Learning from Action (LFA) is an application of the Group Relations Conference approach. It is based on a methodology devised 70 years ago by the Tavistock Clinic and targets mental health practitioners and all those who wish to try out the GRC model but prefer to incur a lesser cost and time commitment compared to a classic GRC.
The Italian training model was first conceived in 2000, arising from the encounter between Bob Hinshelwood and Enrico Pedriali. It has evolved over the years in a constant effort to engage the culture of therapeutic residential centres in a dialogue with the GRC culture.
The primary task of this working conference is to:
explore how unconscious and non-verbal communication and group dynamics influence decision-making processes, accountability, and other aspects of working together in this temporary learning community.
LFA is a training model that offers participants a direct learning opportunity via a short period of residential-style cohabitation. It is designed to develop the basic competence of those who work in any capacity in residential or semi-residential facilities and of mental health service practitioners by training them to:
- observe and learn to understand the language of acting and doing
- explore and become aware of interpersonal, intergroup, organizational, and institutional dynamics and of the manifest or latent factors that are activated in decision-making processes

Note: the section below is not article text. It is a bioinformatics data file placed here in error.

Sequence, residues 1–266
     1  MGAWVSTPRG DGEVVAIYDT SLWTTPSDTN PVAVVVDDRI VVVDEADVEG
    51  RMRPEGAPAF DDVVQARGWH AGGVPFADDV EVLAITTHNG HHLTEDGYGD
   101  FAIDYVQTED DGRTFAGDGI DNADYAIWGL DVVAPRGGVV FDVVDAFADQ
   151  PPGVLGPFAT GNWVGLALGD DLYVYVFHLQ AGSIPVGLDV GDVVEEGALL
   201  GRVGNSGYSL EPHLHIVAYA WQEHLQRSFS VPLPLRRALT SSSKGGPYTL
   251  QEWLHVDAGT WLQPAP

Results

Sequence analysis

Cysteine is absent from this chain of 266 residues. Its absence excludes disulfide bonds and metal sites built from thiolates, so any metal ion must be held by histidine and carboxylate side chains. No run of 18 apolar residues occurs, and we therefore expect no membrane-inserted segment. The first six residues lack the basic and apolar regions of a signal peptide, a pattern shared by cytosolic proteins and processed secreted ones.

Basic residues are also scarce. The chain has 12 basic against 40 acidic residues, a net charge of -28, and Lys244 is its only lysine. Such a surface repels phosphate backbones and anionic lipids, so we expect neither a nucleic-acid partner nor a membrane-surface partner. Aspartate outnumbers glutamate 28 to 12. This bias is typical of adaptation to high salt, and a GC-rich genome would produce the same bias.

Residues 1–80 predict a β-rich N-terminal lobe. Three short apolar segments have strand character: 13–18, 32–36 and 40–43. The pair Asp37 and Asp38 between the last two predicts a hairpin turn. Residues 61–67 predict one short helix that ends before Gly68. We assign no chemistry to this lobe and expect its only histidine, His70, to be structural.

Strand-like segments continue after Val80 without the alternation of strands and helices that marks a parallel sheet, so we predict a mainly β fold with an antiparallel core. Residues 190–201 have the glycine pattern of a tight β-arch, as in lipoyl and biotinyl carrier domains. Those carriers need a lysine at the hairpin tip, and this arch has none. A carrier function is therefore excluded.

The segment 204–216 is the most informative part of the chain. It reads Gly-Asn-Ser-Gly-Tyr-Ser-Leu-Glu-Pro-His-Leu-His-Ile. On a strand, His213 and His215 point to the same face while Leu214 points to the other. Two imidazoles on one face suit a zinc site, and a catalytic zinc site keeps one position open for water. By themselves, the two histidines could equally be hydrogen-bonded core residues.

- learn to reflect at the moment when action is taking place, and to integrate the three components of doing, thinking, and learning, which are normally kept separate from one other.
Each participant-resident learns to explore both their own individual way of working and that of the group, with a particular focus being brought to bear on non-verbal actions and communications.
Delegates have the opportunity to make decisions and take on responsibility – in the context of everyday events at the conference and in their relationships with the other residents – and to learn from this experience.
Reflection groups, plenary and intergroup sessions, activity groups, and review and application groups are all used to stimulate reflection and learning.
Participants can avail of supervision/coaching from staff members: together they form A LEARNING COMMUNITY.
The conference programme provides delegates with opportunities to spend time together and to focus on addressing the challenges of managing the three-day conference, with all that this involves: making decisions and organizing daily activities, living with and sharing experiences with others, engaging in personal reflection, and processing experience and learning as a group.